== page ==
“Never imitate. Draw from your own unique experiences to write from unusual angles and perspectives.”
Every year, the Writers’ League of Texas brings a faculty of close to thirty agents, editors, and other industry professionals to Austin for its Agents & Editors Conference. As we look ahead to the 23rd Annual A&E Conference in June, we’re happy to share Q&As with some of our faculty here.
An Interview with Jodi Warshaw
Jodi Warshaw is an Executive Editor with Lake Union Publishing, the book club fiction imprint of Amazon Publishing. Her recent bestsellers at Lake Union include Elizabeth LaBan’s The Restaurant Critic’s Wife and Ann Howard Creel’s While You Were Mine, and her forthcoming titles this year include Catherine McKenzie’s Fractured, Catherine Ryan Hyde’s Say Goodbye for Now, Maddie Dawson’s The Survivor’s Guide to Family Happiness, Nancy Star’s Sisters One, Two, Three, and Loretta Nyhan’s All the Good Parts.
Jodi acquires book-club fiction across the gamut from historical to contemporary women’s fiction. Currently, she is focused on acquiring issue-oriented fiction in the vein of Barbara Claypole White’s The Perfect Son and Lisa Genova’s Inside The O’Briens.
Jodi Warshaw: I tend to be very hands-on throughout the editorial and publishing process. There are so many steps a book goes through before it is released to the world. It can be an overwhelming process, and I try to be sure my authors are supported throughout.
Scribe: What do you look for in a debut author?
JW: Earlier this year, Lake Union published Elizabeth LaBan’s debut adult novel The Restaurant Critic’s Wife. I knew immediately that Elizabeth’s manuscript was something special. It was truly unique: a fresh take on self-reinvention. I loved what Elizabeth had done with the concept of lost identity—in the novel, a career woman marries a restaurant critic who literally asks her to hide her identity to help in keeping his a secret! It was a thrill to see the media and readers come to the book with such enthusiasm (so well-deserved by Elizabeth), and I’m pleased to say we have a new novel coming from her in January 2017 (Pretty Little World)! I’m always seeking truly original stories paired with strong voices. At the moment, I am particularly interested in acquiring book club fiction, with an eye toward domestic suspense, family dramas, and cultural heritage.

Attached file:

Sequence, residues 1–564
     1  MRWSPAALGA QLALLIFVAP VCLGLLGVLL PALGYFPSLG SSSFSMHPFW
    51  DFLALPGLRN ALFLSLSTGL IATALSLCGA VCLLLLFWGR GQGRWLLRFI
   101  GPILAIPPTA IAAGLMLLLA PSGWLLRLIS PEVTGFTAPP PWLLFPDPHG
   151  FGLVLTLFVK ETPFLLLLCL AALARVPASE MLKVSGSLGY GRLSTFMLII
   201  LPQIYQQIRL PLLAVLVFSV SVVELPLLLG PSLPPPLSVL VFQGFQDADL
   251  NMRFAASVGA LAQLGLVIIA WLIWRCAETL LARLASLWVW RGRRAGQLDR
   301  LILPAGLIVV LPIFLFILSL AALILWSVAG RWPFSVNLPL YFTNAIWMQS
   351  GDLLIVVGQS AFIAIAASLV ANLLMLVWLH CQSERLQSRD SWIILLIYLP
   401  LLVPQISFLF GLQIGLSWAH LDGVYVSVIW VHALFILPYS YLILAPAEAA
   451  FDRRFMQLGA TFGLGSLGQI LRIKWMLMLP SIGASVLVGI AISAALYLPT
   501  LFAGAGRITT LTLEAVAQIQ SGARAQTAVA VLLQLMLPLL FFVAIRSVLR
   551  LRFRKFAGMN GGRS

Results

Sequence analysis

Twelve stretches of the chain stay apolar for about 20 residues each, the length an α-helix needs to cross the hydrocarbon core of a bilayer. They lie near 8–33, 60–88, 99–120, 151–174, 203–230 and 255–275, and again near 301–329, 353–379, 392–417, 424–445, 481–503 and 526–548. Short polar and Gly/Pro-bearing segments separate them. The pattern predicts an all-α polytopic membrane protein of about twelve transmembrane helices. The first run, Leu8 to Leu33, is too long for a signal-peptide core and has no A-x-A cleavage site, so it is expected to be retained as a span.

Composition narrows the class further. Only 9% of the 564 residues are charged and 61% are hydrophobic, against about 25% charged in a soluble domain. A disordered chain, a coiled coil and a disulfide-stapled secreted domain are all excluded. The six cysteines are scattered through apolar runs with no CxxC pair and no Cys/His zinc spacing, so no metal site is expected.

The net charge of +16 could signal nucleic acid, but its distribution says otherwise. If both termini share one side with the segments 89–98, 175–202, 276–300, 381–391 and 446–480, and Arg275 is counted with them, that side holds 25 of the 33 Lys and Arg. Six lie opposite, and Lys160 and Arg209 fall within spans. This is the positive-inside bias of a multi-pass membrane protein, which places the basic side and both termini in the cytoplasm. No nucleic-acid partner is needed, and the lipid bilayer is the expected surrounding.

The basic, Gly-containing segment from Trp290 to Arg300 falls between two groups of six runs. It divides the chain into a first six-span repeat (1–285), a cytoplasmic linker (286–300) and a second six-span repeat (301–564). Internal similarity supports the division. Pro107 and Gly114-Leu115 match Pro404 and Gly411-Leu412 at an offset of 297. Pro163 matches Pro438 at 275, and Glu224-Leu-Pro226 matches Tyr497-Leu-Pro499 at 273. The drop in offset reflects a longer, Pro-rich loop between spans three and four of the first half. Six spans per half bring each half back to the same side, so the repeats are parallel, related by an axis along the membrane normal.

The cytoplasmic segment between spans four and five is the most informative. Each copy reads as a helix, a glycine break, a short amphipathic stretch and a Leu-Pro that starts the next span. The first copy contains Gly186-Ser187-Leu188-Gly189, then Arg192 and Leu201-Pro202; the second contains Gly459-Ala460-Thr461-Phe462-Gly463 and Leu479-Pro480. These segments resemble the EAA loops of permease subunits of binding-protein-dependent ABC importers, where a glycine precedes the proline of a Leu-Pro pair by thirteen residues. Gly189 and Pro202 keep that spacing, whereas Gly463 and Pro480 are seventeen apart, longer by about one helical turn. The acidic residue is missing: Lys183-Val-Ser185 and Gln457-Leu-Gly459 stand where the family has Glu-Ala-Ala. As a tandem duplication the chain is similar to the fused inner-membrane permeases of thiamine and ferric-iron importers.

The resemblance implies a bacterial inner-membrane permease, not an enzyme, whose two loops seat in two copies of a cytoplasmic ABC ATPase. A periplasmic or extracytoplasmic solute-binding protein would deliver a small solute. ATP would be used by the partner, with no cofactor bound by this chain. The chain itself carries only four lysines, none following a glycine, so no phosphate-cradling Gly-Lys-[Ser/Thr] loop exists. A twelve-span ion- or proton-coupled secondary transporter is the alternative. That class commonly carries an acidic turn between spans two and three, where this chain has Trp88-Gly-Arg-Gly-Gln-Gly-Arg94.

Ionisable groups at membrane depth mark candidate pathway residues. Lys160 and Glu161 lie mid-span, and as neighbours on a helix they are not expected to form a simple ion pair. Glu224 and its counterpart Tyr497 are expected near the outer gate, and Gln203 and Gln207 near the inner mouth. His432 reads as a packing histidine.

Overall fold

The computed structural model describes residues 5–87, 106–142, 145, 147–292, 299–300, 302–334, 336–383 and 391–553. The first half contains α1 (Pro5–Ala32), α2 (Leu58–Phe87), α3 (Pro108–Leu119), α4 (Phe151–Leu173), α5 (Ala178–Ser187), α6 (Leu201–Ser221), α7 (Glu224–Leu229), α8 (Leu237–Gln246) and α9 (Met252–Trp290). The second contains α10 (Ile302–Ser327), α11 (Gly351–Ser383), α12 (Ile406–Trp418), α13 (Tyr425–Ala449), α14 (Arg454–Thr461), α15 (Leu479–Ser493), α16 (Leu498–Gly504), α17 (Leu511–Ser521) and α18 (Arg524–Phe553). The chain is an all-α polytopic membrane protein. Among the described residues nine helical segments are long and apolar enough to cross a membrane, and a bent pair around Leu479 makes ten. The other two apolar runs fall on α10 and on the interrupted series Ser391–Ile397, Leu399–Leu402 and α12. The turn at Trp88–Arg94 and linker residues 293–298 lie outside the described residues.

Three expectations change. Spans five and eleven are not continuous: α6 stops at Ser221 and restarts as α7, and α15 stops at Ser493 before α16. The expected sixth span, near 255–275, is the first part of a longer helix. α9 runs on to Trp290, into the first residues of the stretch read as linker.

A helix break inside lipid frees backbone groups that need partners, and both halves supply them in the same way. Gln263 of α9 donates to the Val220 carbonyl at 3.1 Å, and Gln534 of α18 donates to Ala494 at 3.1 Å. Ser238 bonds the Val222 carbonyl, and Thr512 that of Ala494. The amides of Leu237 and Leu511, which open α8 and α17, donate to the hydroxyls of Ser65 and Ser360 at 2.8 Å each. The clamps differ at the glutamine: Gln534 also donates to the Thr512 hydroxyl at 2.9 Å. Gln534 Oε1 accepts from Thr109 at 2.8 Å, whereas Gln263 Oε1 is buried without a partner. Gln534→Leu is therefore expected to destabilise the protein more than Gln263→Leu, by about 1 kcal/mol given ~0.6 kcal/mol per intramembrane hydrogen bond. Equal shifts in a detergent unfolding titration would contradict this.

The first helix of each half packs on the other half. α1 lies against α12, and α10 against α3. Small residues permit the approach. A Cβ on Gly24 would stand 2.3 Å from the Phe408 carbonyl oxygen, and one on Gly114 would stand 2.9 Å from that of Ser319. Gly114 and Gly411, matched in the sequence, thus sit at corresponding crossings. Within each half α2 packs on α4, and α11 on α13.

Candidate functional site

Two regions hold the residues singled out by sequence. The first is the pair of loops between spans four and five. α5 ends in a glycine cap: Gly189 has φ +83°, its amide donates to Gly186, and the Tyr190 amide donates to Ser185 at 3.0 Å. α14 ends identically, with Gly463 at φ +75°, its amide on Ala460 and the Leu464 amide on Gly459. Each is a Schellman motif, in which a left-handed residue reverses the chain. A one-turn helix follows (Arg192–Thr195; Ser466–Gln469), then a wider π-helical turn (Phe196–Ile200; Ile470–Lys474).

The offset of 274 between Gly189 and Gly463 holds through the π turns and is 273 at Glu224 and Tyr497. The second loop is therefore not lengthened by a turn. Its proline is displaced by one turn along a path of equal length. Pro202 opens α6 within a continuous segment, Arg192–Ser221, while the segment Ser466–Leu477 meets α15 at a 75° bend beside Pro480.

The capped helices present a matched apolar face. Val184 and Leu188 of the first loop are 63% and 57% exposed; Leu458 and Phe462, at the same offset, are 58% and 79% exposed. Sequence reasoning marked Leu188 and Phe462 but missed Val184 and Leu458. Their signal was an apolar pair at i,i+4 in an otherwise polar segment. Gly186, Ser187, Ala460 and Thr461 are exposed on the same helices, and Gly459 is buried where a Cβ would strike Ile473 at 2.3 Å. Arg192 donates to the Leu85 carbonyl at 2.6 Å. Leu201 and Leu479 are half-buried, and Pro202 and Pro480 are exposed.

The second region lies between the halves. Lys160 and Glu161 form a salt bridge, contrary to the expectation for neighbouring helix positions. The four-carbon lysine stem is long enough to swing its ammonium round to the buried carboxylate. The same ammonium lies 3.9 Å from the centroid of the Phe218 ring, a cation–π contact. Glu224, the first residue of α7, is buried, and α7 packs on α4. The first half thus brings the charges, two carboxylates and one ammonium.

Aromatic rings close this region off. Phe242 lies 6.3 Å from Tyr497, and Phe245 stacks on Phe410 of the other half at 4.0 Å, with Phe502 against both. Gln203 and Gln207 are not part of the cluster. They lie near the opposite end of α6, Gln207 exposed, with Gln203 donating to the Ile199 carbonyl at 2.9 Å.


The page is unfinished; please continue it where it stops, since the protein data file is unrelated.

Scribe: Do you think social media presence is critical for a successful writing career?
JW: When an author has the time and drive to build and maintain a social media presence, it can be an extremely effective tool. But not every author is comfortable on social media, or has the time, so in my experience, it’s more important for authors to find their own way of building and connecting with their fan base, whatever form that takes.
Scribe: If you could give writers one piece of advice, what would it be?
JW: Never imitate. Draw from your own unique experiences to write from unusual angles and perspectives.
Scribe: Tell us about a project you took on because there was something special or unique about it.
JW: Last summer, I received a Civil War era submission, and even though I wasn’t looking for a historical novel at that time, I decided to take a look. The next thing I knew I was hooked! I couldn’t put the manuscript down. A gorgeously penned novel—with a premise I’d never come across before—about an escaped slave and an indentured Irish girl who forge a deep bond as they run from slave catchers and the Confederate army. It’s a love story, but not a romance. A war story, but not a battlefield drama.
I made a passionate pitch to our publisher, and successfully added it to Lake Union’s spring 2016 list. The novel is Edenland by Wallace King (on-sale May 18, 2016), and I can’t wait to see how readers respond to it.
Click here for more information on the 2016 Agents & Editors Conference, a weekend long event in Austin, TX (June 24-26) that focuses on the craft of writing, the business of publishing, and building a literary community.